Diamond Foods Financial Fraud Scandal
Adrienne M Somers
David F McCormick
February 27 2012
In April 2011, Diamond Food Inc (DMND), the nation's largest walnut processor and maker of Emerald nuts announced plans to buy Pringles from Proctor and Gamble for $1.5 billion in stock (Reuters, 2012). This move was part of the company's aggressive growth strategy to become a leader of the snack food industry. Former chief executive officer, Michael Mendes, and former chief financial officer, Steven Neil, spearheaded this effort. However, plans were postponed as questions arose about two large payments that were made to walnut growers in August of 2010 and September 2011 for $20 ...view middle of the document...
First, I will give some background information on the company and the top two executives which is necessary in order to understand the fraud.
A group of California walnut growers founded Diamond Food Inc, (DMND) in 1912. They were the first nut company to start selling overseas in 1950. They were also the first company to advertise on TV in the same year. In 1956, the company became centralized and over the next 40 years, the company continued to grow and expand their products (Diamond Food Corporation, 2013). In 1997, Michael J Mendes became CEO of the company. His goal for the company was to reduce Diamonds reliance on low-margin nut sales by entering the branded snack business and by following a very aggressive growth strategy. This required acquisitions and a lot of cash outflow for marketing. Therefore, he convinced the company to go public so that the company would be listed on the NASDAQ and could raise the capital needed to boost its marketing efforts. He was advised against this and stated that it would be better if they sold the company but unfortunately Mr. Mendez preferred to "get big ourselves" and the company went public (HANNAH KARP, 2012) in his desire to get the company to be the leader in the snack food industry. However, this meant that Diamond Food Inc would now have to compete against the bigger companies for their share in the marketplace. This required vast sums of money to advertise their products and to acquire acquisitions. With the help of his CFO, Steven Neils, they pushed the company to its limits. They reached their projected target and secured their big bonuses and compensation. They started by acquiring Kettle Chips in 2008 and Pop Secret in 2010. Their profit margin increased at a huge rate from 1.5 in 2006 to 5% in 2011. They were on track in making Diamond Food Inc, the largest snack food company in the world. However, by their acts, it became apparent that not everything was as it seemed and in April of 2010 when questions arose about the timing of payment to walnut growers. This is when the scandal broke.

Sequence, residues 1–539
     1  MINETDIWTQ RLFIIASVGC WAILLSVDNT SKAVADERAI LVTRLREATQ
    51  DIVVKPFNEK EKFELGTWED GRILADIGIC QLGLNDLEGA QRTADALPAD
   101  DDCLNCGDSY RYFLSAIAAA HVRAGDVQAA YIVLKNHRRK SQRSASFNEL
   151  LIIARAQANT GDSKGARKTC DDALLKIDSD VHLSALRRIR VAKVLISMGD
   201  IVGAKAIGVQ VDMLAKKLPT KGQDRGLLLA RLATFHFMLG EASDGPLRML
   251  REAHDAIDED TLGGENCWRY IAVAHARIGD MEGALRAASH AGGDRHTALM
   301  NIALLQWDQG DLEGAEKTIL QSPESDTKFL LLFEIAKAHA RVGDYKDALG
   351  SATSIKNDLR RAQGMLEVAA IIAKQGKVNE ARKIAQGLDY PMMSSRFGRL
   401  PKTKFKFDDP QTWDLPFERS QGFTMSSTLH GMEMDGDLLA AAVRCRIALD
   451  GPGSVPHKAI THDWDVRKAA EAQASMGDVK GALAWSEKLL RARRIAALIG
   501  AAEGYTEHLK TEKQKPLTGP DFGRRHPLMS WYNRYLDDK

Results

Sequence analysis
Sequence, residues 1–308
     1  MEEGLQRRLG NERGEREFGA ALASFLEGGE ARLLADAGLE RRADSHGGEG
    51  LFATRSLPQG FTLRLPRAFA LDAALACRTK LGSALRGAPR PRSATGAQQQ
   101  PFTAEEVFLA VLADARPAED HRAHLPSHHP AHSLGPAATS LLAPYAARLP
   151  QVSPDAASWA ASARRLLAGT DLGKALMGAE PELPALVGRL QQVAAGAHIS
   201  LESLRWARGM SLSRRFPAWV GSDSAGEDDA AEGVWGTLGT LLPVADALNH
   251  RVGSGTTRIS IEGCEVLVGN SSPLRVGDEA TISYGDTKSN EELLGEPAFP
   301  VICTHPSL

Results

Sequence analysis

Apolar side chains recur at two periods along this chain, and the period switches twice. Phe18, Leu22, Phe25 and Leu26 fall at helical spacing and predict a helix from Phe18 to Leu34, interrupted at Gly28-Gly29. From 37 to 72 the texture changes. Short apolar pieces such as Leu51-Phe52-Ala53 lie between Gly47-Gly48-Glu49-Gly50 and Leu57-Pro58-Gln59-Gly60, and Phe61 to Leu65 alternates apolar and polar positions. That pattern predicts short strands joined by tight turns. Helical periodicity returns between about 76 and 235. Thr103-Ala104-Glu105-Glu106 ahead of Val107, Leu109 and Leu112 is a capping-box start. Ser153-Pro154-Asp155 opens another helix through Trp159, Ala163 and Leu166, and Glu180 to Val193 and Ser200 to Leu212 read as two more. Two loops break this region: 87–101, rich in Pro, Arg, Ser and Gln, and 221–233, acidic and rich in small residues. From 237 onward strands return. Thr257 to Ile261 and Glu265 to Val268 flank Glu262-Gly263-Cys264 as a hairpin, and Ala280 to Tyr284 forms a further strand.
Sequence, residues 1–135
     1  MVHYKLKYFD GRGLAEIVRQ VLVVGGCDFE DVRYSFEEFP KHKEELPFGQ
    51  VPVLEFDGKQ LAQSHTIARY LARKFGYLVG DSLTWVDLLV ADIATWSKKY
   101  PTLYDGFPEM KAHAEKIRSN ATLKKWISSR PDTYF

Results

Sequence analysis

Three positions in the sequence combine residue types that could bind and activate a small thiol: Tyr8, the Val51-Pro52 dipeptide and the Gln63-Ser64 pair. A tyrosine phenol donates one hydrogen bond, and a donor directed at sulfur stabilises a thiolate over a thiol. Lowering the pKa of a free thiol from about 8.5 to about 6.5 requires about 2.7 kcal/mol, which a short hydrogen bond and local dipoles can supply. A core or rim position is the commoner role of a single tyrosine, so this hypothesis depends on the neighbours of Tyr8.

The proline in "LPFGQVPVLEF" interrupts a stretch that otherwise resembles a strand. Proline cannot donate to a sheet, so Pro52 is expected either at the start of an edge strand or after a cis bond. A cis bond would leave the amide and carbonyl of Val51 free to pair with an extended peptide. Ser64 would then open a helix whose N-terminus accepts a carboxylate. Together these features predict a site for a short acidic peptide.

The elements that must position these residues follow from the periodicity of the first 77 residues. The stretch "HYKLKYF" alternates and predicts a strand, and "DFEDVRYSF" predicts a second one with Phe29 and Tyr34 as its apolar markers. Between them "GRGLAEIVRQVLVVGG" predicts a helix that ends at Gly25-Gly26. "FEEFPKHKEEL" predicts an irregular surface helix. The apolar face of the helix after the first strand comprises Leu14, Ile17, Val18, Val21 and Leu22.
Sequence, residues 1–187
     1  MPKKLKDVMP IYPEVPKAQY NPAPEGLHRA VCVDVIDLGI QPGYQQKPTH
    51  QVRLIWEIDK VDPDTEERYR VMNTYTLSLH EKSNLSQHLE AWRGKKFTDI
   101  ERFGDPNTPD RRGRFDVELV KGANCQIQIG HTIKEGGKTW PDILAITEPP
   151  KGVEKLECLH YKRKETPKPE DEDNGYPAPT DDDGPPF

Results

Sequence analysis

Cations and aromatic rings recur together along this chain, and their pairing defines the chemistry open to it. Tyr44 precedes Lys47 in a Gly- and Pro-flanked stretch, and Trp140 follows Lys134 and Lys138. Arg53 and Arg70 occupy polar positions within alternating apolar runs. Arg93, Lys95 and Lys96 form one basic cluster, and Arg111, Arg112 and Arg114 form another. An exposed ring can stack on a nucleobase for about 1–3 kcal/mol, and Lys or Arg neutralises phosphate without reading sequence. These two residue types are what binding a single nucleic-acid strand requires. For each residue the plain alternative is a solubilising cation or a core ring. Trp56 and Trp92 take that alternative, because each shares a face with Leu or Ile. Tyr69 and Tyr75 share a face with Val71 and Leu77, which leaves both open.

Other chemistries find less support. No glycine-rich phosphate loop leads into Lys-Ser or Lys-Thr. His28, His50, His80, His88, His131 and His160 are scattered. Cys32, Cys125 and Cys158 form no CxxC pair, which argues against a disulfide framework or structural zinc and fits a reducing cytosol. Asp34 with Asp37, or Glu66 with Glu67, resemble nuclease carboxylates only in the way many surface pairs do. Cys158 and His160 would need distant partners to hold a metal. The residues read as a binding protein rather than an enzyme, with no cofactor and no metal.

As I stated above, the problem with the timing of the payments first arose in April 2010. Under GAAP, you cannot pay in a future fiscal payment for a prior years' crop. According to Douglas Barnhill, an accountant and walnut grower, he contacted Eric Heidman, Diamonds director of field operations when he received a check in the mail in September of 2011. He wanted clarification on which crop the check was paying. He was told that the payment was for the 2010 crop, part of fiscal 2011, but that it would be "budgeted into next year's crop" (Diamond Foods Accounting Scandal Seeds Sown Years Ago, 2012),which was a direct violation of accounting rules. However, news stories quoted the payments as being an advance payment on next year's crop, which means that that they were moving grower payments around, a technique known as earning management which is delay-recording payments from one fiscal year to the...